Severe Weather Week capped with tornado drill
HUNTSVILLE, Mar 07, 2013 (The Huntsville Item - McClatchy-Tribune Information Services via COMTEX) --
There were not quite tornado-type winds in Walker County this week, but there were some gusts powerful enough to toss around debris.
Just in case the weather does takes a turn for the worse in the near future, county and city officials want to make sure everyone knows what to do in case of an emergency. As part of Severe Weather Preparedness Week in Texas, a county-wide mock tornado drill was performed Wednesday morning in conjunction with area schools.
The Walker County Office of Emergency Management and the Community Emergency Response Team (CERT) set up the new Mobile Command Center at the sheriff's office to make sure radio contact was made during the drill. Firefighters and Huntsville Police Department school resources officers radioed in at the completion of the drill as did other emergency response agencies.
"Normally we would not have the Command Center up if there was a tornado, but it was a good time to make sure it was working during the drill," said Butch Davis, the county's emergency management coordinator.
There were some communication problems Wednesday, but Huntsville Fire Department Assistant Chief John Hobbs said that was the reason the county and city work closely together during drills.
"We practice all the time and everyone works well together so that when there is an emergency things go smoothly," he said. "We will get together after the tornado drill and fix the problems we were having with the radio.
"We will make sure everything works. If it doesn't then we keep having drills until it does."
Now that the local schools have gone through drills, it is a good time to remind Walker County residents to have their own plan in place in the event of severe weather hitting.
If a tornado is in the area, folks can seek shelter in an interior room on the lowest level of a home, office or other building away from windows. Avoid any area with a wide, unsupported roof such as an auditorium, gym, cafeteria or theater. Also, if people are in a car when a tornado is spotted, get out of the vehicle and take shelter in a nearby building or lie flat in a ditch or ravine.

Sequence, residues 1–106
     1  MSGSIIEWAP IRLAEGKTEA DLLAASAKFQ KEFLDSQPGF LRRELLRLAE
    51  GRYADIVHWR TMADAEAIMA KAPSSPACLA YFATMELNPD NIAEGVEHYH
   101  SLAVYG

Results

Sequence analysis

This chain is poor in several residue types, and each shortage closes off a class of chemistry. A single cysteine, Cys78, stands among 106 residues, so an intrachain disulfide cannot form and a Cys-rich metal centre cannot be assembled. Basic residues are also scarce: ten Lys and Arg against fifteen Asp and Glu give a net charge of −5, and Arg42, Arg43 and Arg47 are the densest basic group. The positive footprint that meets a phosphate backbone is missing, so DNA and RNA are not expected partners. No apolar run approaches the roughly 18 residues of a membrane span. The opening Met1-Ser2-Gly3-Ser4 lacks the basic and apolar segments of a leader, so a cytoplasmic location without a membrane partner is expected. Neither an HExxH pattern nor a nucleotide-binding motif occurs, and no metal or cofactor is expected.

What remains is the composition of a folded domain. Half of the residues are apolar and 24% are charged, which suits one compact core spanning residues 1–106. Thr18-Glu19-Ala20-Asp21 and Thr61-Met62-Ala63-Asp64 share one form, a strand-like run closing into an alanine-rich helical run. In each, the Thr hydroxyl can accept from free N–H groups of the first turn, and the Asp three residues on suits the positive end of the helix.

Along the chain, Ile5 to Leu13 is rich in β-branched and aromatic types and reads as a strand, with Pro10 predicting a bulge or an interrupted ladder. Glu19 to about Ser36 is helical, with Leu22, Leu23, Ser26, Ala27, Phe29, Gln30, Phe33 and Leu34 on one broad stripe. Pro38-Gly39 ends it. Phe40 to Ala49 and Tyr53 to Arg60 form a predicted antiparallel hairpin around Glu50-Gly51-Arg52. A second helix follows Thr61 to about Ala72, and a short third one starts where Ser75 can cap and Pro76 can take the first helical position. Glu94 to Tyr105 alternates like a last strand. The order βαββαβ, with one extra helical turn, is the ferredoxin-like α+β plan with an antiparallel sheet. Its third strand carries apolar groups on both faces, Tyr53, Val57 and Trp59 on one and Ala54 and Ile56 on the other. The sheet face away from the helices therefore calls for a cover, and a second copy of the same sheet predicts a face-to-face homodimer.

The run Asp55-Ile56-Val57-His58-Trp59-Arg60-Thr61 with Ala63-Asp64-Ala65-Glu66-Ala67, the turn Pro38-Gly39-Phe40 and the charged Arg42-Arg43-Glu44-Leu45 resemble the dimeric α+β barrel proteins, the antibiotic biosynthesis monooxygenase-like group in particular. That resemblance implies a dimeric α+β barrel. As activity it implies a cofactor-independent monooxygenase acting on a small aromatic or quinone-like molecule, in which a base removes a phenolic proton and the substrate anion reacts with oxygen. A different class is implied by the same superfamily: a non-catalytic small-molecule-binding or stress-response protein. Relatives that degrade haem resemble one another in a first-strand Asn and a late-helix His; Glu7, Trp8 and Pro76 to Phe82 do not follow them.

People also need to have emergency supplies stocked in easy-to-carry containers and it is a good idea to have an emergency drill in place at home, so families know what to do in case severe weather comes.
Here is a check list of things people might need as part of their emergency supplies:
--Extra prescription medications, written copies of prescriptions, other special medical items.
--Important documents and records, photo IDs, proof of residence, information you may need to process insurance claims.
--Cash (power outages mean banks and ATMs may be unavailable).
--Battery-operated radio and Weather Radio.
--Flashlight with extra batteries.
--Phone numbers of family and friends.
--Three-day supply of non-perishable food, one gallon of bottled water per person per day.
--Coolers for food and ice storage, paper plates, plastic utensils
--Manual can opener, knife, tools, booster cables, fire extinguisher, duct tape, tarp, rope.
--Blankets, pillows, sleeping bags and extra clothing.
--Toilet paper, cleanup supplies, personal hygiene products.
--Eyeglasses, sunglasses, hearing aids.
--Special supplies needed for babies, older adults or pets.
Area residents are also reminded to check out the Walker County Office of Emergency's Facebook page to get up to the date information on severe weather or wildfires in the area. For more information on what to do in severe weather conditions, visit the Texas Division of Emergency Management website at www.txdps.state.tx.us/dem.
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